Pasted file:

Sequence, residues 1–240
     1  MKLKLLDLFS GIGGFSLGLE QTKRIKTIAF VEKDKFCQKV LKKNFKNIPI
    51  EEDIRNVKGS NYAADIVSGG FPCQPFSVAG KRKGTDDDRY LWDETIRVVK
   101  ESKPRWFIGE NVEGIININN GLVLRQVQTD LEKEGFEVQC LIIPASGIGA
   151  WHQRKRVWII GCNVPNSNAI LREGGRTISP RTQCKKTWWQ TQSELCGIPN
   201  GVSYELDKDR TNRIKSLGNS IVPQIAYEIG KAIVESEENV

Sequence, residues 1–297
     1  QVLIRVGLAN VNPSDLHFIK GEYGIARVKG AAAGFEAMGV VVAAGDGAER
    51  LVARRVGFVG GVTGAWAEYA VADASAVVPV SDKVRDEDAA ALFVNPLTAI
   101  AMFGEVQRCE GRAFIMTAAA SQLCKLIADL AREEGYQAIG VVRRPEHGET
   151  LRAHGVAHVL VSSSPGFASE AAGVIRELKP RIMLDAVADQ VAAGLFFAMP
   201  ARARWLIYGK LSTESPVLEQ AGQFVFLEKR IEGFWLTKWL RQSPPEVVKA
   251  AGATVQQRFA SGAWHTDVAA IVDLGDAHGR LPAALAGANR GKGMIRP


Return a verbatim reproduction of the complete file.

Sequence, residues 1–240
     1  MKLKLLDLFS GIGGFSLGLE QTKRIKTIAF VEKDKFCQKV LKKNFKNIPI
    51  EEDIRNVKGS NYAADIVSGG FPCQPFSVAG KRKGTDDDRY LWDETIRVVK
   101  ESKPRWFIGE NVEGIININN GLVLRQVQTD LEKEGFEVQC LIIPASGIGA
   151  WHQRKRVWII GCNVPNSNAI LREGGRTISP RTQCKKTWWQ TQSELCGIPN
   201  GVSYELDKDR TNRIKSLGNS IVPQIAYEIG KAIVESEENV

Sequence, residues 1–297
     1  QVLIRVGLAN VNPSDLHFIK GEYGIARVKG AAAGFEAMGV VVAAGDGAER
    51  LVARRVGFVG GVTGAWAEYA VADASAVVPV SDKVRDEDAA ALFVNPLTAI
   101  AMFGEVQRCE GRAFIMTAAA SQLCKLIADL AREEGYQAIG VVRRPEHGET
   151  LRAHGVAHVL VSSSPGFASE AAGVIRELKP RIMLDAVADQ VAAGLFFAMP
   201  ARARWLIYGK LSTESPVLEQ AGQFVFLEKR IEGFWLTKWL RQSPPEVVKA
   251  AGATVQQRFA SGAWHTDVAA IVDLGDAHGR LPAALAGANR GKGMIRP